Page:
So you’ve landed a paid gig, now how do you turn this into a longer relationship with the brand. At the very least, you should try to get the brand to feel that working with you is worth their money.
**There is a printable checklist for everything you should be doing for sponsored posts at the bottom of this email.
These tips can help you impress a sponsor that you already have in addition to attracting new sponsors. In general, these are things that a sponsor wants to see:
Make sure you are presenting the brand/product in a very flattering way in your photos. Don’t take a picture of clothing from sponsors wadded up on your bed. Either model with it on or lay it out nicely on a plain surface to showcase the piece. Companies are more likely to work with you if they see that you have photographic talent and can envision their product looking great in a set of photos on your blog.
Improving your photography skills can make a huge difference in the way your blog looks and how brands view your photos. We use a Canon 70D and a Canon 5D Mark 3, although you can take really great photos with the latest iPhone too. See all of our photo equipment here: http://www.katiedidwhat.com/things-i-use-to-blog/
A bonus here is that if your images of a company’s product are exceptional, they might even share your photo on Instagram and tag your account. I’ve had opportunities that I have accepted at the low end of my rate turn into something really great because the brand tagged me in an Instagram post and resulted in me getting 100+ followers. That’s just some added incentive to take great photos.
It is very important that communication is open on both sides. There is nothing wrong with only accepting sponsored opportunities that pay a certain amount of money. If your standards are at that level, don’t assume the company knows that. You just need to be clear about it up front so nobody’s time is wasted and there are no surprises. Cover how and when payment will take place and exactly what is expected of you. The last thing you want is a sponsor asking for this, that and the other thing after your post has been published.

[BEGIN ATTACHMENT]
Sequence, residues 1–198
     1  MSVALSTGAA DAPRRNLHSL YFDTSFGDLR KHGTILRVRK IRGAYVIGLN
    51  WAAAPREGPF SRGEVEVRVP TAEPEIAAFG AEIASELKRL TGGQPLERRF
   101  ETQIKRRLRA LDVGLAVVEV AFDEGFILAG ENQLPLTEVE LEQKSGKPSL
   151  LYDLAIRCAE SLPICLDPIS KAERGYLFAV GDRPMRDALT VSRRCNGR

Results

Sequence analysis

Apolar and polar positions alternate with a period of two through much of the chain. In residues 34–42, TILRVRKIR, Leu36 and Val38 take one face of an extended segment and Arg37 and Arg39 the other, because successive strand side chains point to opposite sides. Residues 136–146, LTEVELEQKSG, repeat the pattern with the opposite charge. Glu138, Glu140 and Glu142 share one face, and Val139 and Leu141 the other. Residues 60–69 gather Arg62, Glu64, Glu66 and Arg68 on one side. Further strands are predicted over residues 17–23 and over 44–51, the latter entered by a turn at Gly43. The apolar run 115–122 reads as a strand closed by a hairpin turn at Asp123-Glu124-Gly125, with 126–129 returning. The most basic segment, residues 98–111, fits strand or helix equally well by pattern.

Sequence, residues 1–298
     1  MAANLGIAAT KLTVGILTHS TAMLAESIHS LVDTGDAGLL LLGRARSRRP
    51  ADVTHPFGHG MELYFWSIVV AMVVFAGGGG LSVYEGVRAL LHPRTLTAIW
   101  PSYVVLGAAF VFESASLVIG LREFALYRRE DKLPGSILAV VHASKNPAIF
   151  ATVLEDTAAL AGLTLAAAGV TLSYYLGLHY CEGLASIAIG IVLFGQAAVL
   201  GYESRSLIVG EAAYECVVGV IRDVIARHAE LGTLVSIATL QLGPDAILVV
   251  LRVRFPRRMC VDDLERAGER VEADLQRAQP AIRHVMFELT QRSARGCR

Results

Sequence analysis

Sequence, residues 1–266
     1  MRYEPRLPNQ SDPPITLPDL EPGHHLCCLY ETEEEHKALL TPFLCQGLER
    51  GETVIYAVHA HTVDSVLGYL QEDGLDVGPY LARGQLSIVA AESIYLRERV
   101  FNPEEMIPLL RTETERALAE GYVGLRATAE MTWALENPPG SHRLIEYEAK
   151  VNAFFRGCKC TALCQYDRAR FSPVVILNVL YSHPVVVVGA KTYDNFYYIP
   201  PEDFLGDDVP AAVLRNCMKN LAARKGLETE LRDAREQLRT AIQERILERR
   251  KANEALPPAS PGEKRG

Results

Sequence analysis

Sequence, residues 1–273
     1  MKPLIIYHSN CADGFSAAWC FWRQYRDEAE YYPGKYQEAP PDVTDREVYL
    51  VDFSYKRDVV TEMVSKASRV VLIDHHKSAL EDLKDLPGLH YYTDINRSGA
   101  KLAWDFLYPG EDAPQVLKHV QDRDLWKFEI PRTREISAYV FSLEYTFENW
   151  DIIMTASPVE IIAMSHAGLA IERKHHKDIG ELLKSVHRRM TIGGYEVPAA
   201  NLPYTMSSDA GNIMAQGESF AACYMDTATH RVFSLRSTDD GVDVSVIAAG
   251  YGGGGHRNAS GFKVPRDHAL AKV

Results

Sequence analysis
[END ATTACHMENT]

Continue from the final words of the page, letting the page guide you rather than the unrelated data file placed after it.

Before proceeding with a sponsored post, you should try and iron out details such as how many images and links you will include, link destination, social promotion and maybe even word count. It will eliminate awkward emails in the future. Don’t assume that just because Company A worked one way that Company B will work the same way. Cover all necessary details early on. This will help cover your back and will make you sound like you know what the heck you are doing. Companies are more inclined to work with someone who comes off as confident in what they want and what they can offer.
This can be a tricky area. Google does not allow you to put ‘do-follow’ links on sponsored content. If you are found to be doing this, your site could get de-indexed from Google, which could cause catastrophic damage to your blog’s traffic. This means you have to use the ‘no-follow’ property on all paid links and sponsored post links. I choose to address this very early on now if I get a sense that the expectation is a ‘do-follow’ link, because too many sponsors ask for links to be changed from no-follow to do-follow and I am simply not willing to do that.